Does a plantŐs ambient environment alter its physiology?

Brittany Abel, Karoline Borgnes, and Corey Anderson

CU Boulder, Fall 2007

            We tested whether or not a plantŐs ambient environment will alter its physiology. Plants absorb sunlight in the thylakoid membrane of the chloroplast to split water and makes ATP for energy. CO2 is absorbed by the plant and combined with the ATP to produce glucose. This reaction requires light, and the amount of sunlight the plant is exposed to directly relates to the rate of photosynthesis. Since photosynthesis occurs mainly in sunlight, this led us to hypothesize that plants have the ability to adapt to their environment. We hypothesize that a plant grown in the sunlight will have a higher rate of photosynthesis, since there is more light energy available, as opposed to the plant grown in the shade.

            In order to test this hypothesis, we collected Juniper samples from both sunny and shady areas. We determined the mass of each sample, and placed each one in a gas chamber connected to a probe that measures the concentration of CO2 . We shined light through a container of water directly onto the plant for five minutes. Then we covered the plant for five minutes, ensuring that no more light energy was available. We then measured the rate of change in CO2 for each set of five minutes. For the first five minutes, the slope of the change in CO2 includes the CO2 used by the plant during photosynthesis and cellular respiration, while the slope of the change in CO2 for the second five minutes describes only the change in CO2 during cellular respiration. To account for cellular respiration, the rate of photosynthesis is the difference between the two slopes.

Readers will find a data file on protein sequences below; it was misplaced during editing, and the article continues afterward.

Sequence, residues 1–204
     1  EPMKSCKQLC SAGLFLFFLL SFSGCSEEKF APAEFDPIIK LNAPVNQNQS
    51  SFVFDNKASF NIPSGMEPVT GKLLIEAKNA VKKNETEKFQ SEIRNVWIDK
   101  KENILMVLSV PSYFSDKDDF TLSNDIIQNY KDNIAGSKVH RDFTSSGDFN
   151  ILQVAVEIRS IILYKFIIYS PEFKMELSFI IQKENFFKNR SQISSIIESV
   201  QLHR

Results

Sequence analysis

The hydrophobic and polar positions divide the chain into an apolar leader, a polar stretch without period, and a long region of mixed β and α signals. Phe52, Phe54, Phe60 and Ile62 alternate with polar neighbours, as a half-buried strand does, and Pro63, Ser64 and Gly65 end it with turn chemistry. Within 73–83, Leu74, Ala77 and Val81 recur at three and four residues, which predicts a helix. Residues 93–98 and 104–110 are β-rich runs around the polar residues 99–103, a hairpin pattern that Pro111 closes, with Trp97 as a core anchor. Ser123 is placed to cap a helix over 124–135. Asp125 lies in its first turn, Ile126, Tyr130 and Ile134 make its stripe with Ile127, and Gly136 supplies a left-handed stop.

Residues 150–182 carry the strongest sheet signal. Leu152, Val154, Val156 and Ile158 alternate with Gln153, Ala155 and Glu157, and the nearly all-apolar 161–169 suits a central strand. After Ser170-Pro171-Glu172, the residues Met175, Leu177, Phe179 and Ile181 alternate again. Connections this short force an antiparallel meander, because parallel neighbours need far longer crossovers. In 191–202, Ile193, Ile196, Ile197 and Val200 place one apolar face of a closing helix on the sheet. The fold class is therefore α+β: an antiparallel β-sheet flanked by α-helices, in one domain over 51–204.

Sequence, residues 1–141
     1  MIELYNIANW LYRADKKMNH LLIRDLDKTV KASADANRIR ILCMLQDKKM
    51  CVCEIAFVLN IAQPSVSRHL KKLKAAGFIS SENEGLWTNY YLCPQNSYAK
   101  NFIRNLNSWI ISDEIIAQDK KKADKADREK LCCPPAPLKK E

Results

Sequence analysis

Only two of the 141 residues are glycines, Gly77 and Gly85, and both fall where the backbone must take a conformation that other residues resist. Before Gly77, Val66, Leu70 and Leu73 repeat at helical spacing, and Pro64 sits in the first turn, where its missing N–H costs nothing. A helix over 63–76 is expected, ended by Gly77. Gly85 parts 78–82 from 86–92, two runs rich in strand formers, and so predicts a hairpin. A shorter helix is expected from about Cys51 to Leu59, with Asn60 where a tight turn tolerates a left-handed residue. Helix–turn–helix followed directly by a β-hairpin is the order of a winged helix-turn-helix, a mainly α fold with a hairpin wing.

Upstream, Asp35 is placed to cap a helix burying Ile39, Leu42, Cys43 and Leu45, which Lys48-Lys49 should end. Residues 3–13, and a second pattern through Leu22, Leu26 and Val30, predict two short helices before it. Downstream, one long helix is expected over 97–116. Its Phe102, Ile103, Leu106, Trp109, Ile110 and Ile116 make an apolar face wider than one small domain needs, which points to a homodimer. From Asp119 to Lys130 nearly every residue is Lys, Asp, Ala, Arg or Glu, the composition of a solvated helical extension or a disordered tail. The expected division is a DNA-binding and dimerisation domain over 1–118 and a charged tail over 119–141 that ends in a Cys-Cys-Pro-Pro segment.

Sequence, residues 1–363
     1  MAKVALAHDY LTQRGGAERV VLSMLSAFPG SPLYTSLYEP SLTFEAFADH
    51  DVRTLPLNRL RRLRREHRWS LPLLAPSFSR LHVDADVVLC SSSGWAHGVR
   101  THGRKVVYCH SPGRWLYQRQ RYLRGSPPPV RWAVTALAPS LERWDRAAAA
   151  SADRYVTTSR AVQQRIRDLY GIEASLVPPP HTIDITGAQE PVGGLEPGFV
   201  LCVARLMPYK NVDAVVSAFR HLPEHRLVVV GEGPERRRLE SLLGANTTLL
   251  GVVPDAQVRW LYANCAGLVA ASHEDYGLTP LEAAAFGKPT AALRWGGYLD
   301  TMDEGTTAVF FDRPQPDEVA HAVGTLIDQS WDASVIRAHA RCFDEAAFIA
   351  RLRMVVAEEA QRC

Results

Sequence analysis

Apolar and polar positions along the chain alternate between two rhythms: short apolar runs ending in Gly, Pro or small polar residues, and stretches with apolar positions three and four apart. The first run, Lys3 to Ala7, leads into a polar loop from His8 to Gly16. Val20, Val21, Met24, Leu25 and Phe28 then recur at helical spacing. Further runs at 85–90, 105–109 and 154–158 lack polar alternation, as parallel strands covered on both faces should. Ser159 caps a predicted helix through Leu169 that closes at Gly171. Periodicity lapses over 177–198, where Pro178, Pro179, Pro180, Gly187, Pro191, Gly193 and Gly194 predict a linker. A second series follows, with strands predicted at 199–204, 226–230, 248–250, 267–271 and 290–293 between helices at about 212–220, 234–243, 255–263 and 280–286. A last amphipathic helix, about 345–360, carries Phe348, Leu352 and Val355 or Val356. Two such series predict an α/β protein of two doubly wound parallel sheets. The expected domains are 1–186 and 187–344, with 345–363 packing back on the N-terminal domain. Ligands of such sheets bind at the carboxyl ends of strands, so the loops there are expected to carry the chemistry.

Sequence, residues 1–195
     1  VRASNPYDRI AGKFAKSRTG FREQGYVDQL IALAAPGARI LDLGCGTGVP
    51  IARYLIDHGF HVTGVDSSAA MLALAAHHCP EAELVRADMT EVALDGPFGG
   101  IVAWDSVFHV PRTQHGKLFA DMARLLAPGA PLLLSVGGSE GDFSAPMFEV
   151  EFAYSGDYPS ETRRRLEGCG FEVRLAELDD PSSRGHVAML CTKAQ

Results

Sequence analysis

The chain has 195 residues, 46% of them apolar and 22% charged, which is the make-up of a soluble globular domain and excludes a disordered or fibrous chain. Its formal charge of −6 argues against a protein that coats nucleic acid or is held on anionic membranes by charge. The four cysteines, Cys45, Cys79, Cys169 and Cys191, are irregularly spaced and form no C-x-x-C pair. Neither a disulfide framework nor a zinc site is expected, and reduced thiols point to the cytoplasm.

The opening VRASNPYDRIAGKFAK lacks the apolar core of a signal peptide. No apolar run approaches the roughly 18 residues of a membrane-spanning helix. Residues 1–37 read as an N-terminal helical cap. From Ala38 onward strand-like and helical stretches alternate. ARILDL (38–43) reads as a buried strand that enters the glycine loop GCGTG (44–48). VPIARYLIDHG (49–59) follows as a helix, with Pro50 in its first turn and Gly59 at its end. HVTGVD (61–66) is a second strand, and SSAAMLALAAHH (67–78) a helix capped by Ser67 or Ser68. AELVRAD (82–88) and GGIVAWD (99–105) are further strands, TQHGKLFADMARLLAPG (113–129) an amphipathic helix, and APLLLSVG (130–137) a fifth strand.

We collected data from two trials of both types of plants. Our results indicated that the rate of photosynthesis for plants grown in the sun (mean= -7.881 ppm CO2 /min/g) was not significantly higher than the rate for plants grown in the shade (mean= -4.548 ppm CO2 /min/g; T= -0.969, P= 0.435, which is >0.05).

            Our results were not consistent with the predictions we created from our hypothesis. However, there was a visual difference between the means. One problem we encountered was the time restraint. Our CO2 sensor was not functioning properly and decreased the amount of trials we could run, allowing for more variation. We feel that if we could eliminate this source of error and run more trials, our results would become more consistent with our predictions. Perhaps, with more trials, we could conclude a significant difference in the rate of photosynthesis between the plants grown in different areas.